so far from which
to hang a wish
is yet a tempting taunt
where once it is hung
it will dangle
waiting on twinkling point
to teeter off
and fall into
the hands of fate
And now this strength
by doubt or sadness
so not only is it Kryptonite
but a beautiful strength
an origami formation
built from intricate folding
of a fragile
Just gotta keep on walkin
till the paths divergent go
or a single one does open up
and your feet are raw and muddy
keep on pushin
Just gotta keep on walkin
though the road may be tough
you may meet many strangers
who you never even know
some greet you friendly
but some are mighty rough
Just gotta keep on walkin
and push the branches back
they’ll tear your legs and
rip your arms
the blood may drip bright red
and it will leave a track
Just gotta keep on walkin
following the trail
wherever it may lead
you may not know
but it’s your path
seek not the Holy Grail
For more years than I can remember I have been a single woman. It was by choice and something I needed to do to sort my head, my soul and myself out. Much of my life before these years had been rafting through relationships, on a craft that was unsteady and often leaky. I tried to navigate this flimsy raft through oceans far too rough and rivers overflowing their riverbeds. It often left me on some shore half drowned. And of course any passenger unlucky enough to be my mate, usually was left drenched and overwhelmed by the tsunami that was left in my wake.
But somehow, it seems now I’ve paddled out of the storm, onto a lake of glass. It is smooth and my sense of direction seems clear. I am ready to sail again.
It is so difficult in our times to find the right sailing partner to journey into the unknown. Even once we’ve learned to love ourselves and to steer our lives, finding someone who can meld their course with ours, seems like finding a lost ship under the ocean. It’s there somewhere, but the vastness makes the likelihood seem so impossible.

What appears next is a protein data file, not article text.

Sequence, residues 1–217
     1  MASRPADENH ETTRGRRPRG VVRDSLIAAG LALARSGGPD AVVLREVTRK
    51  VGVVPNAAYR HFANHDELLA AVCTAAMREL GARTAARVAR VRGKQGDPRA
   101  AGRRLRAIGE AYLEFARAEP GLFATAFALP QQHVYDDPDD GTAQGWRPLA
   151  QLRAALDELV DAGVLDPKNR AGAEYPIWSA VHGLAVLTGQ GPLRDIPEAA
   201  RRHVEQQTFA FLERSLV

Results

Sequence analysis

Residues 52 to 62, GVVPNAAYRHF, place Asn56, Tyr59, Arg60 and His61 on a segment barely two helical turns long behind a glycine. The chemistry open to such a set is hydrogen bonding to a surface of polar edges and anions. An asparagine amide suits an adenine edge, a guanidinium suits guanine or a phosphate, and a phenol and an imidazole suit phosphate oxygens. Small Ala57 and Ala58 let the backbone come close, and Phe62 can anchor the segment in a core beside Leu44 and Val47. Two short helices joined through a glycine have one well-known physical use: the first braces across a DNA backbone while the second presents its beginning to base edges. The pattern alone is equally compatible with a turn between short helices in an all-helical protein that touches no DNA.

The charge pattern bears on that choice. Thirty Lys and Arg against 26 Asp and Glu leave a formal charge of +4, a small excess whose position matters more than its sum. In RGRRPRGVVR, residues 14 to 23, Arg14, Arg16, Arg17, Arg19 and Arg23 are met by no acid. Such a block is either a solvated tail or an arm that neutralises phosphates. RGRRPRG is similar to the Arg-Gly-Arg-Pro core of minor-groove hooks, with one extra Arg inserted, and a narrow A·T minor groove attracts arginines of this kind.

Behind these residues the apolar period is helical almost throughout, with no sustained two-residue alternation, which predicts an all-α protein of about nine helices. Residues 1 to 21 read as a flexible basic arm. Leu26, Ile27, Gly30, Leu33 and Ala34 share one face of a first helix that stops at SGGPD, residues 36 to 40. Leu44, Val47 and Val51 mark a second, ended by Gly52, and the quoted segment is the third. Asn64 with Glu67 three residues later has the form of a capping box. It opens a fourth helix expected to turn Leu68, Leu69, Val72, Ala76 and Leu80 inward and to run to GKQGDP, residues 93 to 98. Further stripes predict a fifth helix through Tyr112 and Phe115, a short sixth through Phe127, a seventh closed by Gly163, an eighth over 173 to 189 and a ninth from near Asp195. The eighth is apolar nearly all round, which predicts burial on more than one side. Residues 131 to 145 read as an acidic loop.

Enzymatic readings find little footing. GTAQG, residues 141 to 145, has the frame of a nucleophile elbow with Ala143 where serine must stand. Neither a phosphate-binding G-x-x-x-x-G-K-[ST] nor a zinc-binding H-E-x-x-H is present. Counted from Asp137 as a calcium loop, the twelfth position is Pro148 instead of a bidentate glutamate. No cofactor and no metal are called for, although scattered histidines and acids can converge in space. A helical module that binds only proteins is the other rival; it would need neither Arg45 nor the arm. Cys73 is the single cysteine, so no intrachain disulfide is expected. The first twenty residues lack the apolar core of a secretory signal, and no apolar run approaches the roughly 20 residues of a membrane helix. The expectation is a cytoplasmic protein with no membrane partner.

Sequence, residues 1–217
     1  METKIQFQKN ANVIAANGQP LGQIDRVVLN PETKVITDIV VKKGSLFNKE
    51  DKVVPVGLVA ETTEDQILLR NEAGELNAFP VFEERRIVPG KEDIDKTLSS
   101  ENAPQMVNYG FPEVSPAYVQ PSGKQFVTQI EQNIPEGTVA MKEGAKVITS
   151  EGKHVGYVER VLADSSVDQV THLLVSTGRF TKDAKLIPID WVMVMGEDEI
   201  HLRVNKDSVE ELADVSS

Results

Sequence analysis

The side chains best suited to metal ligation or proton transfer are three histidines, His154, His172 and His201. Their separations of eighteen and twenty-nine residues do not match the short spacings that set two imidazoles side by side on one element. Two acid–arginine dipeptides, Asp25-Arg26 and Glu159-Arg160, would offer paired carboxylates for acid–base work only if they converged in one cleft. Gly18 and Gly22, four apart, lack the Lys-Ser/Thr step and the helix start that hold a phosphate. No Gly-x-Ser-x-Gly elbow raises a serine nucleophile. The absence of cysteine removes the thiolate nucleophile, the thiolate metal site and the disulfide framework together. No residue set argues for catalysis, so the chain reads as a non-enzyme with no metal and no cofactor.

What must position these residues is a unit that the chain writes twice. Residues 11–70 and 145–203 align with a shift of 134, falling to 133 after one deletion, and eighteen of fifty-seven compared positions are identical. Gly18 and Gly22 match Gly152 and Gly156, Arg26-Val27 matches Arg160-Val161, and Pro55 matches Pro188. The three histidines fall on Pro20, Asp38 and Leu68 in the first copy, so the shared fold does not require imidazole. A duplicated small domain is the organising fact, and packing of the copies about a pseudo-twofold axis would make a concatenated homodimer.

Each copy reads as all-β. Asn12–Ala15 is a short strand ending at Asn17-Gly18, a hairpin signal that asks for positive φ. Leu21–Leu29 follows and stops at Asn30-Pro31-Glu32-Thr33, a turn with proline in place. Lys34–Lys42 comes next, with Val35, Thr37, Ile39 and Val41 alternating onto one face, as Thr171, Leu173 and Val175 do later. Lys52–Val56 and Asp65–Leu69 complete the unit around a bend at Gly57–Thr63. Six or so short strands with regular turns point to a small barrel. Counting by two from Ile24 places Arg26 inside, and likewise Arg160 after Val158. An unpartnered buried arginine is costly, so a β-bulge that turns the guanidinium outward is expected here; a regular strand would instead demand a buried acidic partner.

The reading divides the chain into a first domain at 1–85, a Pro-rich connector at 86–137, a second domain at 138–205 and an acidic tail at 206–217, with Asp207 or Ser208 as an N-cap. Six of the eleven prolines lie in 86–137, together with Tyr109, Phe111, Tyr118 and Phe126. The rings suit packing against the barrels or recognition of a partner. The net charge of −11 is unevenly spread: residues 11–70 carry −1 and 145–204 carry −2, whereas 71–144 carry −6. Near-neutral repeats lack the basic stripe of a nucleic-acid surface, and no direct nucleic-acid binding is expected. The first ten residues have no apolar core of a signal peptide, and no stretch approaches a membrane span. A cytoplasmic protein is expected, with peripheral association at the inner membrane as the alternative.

So unlikely that it seems that magic must be involved (as I refuse to do the internet thing). Today I picked one Tarot card to see if a partner would be in my future one day again. And lo, I got my favorite one: the 10 of Cups. Just seeing it you can almost guess that it is positive! Depending on where you look, it has different meanings, but I got it right side up and my book said simply: Contentment, lasting happiness because it is inspired from above rather than being the sensual satisfaction. Perfection of human love. Great friendship. Lasting success. Peacemaking.
So, I guess I will take that to be a yes and hopefully my ship will eventually float into the sunset. And maybe I will eventually pick someone up along the way to sail with me.
As she sat quietly on the bench, she recalled so many times of reflection. Times of stopping, of sitting still to breathe and think of her life. It wasn’t always easy to create these moments, to stop the moving train that was her life, long enough, to simply see what was around her.
These benches were everywhere. Even if people were around, they could cradle her; let her thoughts roll through her mind, easing the turbulence with the help of the surrounding landscape. They were guardians, givers and saviors.
Sometimes she would be present, sometimes drift off to another place. Somehow they were conduits of time travel: as though a space had opened up and she slipped into it and could go forward or back, depending on her mood. Because of this, she walked in places long forgotten, places of lost love or deep pain. The remembering, though, somehow put it in an ethereal plane, so the visitation became moments of healing.
Some places to sit weren’t really benches at all, but still created for her the right second to watch a sunrise. Just the act of seeing one could erase months of chaos in her soul.
She remembers now these sacred vessels and can recall far into childhood how many she has visited. From cities to the middle of nowhere, the times she took to just stop and sit–to contemplate, meditate and be quiet.
And now she wonders: where are all the benches yet to come?